To support those not in work, and the bargaining power of those in work, it is time for a Minimum Income Guarantee, increasing the minimum level that anyone is expected to live on if accessing social security. The New Economics Foundation has called for that minimum to be set at £221 per week – in line with the calculation by the Joseph Rowntree Foundation of a minimum income standard. The TUC has called for the basic level of Universal Credit (which is paid to households rather than individuals) to be increased to £260 a week. As more people are needing to access social security, it is essential that long-overdue changes are made to ensure it gives people enough to live on.
These six policy interventions – introducing sectoral collective bargaining, restoring and expanding trade union rights, creating a single status of ‘worker’, boosting the minimum wage, reducing working hours and increasing bank holidays, and establishing a Minimum Income Guarantee – could all empower workers, building on the shift in thinking about work that has begun during our experience with coronavirus. Of course, these interventions are not enough on their own, and must be accompanied by other shifts to increase the power of the labour movement. Extending universal basic services (including public broadband and free public transport) will reduce costs faced by workers. Establishing a Ministry of Labour within government to oversee sectoral collective bargaining will ensure a laser-like focus on the issues outlined. Improving access to legal aid as well as the accessibility of tribunals for employment disputes will support the resolution of disputes. Efforts to improve industrial democracy – for example, through legislative changes to support worker ownership and reserving places on boards for workers – will buttress the protections mentioned above. There will also be important shorter-term demands, such as the extension of the furlough scheme and the need for government bail-outs to be tied to decent work conditions.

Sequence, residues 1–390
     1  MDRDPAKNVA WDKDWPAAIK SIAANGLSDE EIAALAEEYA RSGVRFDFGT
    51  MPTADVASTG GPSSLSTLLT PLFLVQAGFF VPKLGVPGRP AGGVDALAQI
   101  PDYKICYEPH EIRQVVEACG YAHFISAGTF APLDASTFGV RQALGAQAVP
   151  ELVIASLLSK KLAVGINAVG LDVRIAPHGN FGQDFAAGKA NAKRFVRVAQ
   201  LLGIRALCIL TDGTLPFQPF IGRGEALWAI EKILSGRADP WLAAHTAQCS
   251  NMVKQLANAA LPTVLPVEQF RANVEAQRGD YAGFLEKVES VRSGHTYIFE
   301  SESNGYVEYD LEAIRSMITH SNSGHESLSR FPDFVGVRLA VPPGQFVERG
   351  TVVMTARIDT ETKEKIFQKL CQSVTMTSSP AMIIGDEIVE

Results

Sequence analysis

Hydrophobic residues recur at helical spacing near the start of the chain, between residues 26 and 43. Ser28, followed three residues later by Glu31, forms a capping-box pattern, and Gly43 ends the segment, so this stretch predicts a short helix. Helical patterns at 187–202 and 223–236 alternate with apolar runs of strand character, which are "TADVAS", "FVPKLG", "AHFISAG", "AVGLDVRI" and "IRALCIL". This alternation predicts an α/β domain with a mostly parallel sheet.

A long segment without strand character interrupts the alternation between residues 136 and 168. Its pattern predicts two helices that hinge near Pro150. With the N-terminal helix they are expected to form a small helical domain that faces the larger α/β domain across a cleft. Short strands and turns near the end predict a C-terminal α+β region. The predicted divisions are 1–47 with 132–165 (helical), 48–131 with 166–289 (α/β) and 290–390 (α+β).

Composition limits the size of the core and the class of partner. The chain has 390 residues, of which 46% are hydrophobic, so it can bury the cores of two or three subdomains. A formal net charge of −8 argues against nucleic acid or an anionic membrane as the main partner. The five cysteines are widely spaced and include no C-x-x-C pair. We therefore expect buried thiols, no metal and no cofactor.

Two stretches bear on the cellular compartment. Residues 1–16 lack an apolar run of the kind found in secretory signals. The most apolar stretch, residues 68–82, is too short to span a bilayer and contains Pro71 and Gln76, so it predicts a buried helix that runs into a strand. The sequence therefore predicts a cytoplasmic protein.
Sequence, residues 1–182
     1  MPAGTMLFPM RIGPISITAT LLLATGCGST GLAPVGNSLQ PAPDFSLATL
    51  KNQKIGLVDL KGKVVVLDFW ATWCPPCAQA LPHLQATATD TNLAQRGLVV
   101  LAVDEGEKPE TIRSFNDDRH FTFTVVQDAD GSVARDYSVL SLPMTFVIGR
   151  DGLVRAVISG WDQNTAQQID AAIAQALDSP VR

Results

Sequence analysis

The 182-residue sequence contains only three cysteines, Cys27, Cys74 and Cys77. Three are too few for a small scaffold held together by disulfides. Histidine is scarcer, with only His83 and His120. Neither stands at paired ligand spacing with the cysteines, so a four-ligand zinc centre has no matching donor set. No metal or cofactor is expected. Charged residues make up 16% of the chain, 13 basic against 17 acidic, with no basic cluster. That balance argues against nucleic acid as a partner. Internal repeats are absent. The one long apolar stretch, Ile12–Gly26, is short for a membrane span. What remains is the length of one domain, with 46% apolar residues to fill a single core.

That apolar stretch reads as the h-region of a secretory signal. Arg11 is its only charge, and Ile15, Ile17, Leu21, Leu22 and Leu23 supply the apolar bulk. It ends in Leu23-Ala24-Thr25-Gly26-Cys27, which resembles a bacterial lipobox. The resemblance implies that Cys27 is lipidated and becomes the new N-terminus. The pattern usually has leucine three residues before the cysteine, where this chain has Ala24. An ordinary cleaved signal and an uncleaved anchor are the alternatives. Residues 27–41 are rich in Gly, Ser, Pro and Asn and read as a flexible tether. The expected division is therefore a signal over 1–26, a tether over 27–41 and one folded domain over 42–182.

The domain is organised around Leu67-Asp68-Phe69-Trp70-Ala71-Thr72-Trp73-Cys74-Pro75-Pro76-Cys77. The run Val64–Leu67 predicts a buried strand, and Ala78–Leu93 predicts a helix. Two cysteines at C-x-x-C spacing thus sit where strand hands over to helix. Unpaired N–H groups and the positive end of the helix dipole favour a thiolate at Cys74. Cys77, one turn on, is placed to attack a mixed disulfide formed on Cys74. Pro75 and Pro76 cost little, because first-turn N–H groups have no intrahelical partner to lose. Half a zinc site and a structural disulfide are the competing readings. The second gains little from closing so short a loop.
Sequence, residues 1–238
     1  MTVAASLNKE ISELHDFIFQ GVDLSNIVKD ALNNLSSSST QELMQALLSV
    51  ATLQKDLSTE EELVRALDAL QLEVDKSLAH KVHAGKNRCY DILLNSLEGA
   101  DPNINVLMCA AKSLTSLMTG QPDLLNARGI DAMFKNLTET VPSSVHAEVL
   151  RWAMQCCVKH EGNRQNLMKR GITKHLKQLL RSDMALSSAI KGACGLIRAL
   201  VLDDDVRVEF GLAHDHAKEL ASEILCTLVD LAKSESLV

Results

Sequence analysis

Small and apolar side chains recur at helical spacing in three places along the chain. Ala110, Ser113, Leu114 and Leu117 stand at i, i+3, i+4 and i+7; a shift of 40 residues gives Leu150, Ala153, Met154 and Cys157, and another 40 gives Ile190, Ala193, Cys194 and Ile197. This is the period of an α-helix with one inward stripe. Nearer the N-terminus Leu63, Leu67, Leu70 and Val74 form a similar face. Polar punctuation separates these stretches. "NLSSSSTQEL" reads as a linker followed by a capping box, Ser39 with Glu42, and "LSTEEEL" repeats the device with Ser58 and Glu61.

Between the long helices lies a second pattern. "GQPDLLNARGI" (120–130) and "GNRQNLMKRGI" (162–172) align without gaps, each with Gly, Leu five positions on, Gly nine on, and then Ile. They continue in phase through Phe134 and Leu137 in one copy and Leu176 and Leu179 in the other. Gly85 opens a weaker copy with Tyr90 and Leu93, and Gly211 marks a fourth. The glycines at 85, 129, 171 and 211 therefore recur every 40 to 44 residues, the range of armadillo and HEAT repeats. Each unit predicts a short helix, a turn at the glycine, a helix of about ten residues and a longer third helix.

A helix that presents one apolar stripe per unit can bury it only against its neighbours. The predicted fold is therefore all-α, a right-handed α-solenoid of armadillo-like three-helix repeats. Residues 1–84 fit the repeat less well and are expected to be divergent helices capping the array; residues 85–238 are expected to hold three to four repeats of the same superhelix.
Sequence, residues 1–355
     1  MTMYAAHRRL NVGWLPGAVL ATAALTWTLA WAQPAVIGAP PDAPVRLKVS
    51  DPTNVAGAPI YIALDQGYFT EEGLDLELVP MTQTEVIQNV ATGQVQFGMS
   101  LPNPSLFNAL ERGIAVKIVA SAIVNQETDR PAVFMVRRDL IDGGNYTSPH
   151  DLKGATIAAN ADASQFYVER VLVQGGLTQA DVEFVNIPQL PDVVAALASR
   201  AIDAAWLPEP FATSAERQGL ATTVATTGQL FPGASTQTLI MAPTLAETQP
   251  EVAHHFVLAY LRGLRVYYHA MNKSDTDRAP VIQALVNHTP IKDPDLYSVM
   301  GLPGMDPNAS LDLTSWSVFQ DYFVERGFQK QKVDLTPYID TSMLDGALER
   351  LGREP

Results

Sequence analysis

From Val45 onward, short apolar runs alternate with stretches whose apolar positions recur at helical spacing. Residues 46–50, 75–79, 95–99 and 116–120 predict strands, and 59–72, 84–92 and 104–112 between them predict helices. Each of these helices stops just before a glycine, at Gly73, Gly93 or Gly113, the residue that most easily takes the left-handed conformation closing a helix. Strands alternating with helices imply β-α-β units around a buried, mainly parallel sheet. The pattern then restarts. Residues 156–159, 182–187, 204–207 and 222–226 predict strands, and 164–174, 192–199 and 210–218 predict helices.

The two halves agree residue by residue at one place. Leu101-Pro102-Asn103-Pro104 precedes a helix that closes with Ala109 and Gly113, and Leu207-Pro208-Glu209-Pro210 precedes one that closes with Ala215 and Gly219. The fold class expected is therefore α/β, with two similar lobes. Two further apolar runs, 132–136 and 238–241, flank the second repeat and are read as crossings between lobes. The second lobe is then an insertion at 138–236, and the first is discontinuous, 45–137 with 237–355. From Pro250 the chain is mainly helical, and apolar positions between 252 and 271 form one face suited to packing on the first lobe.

These changes will not be introduced without pressure. Greater creative thinking is needed about how to bring to bear that pressure on employers and government, especially in a world where online meetings are the norm and opportunities for face-to-face contact (or in-person organising and actions) are reduced. The next key stage is coordinating that pressure; what has been discussed here is just a set of shared starting points for action.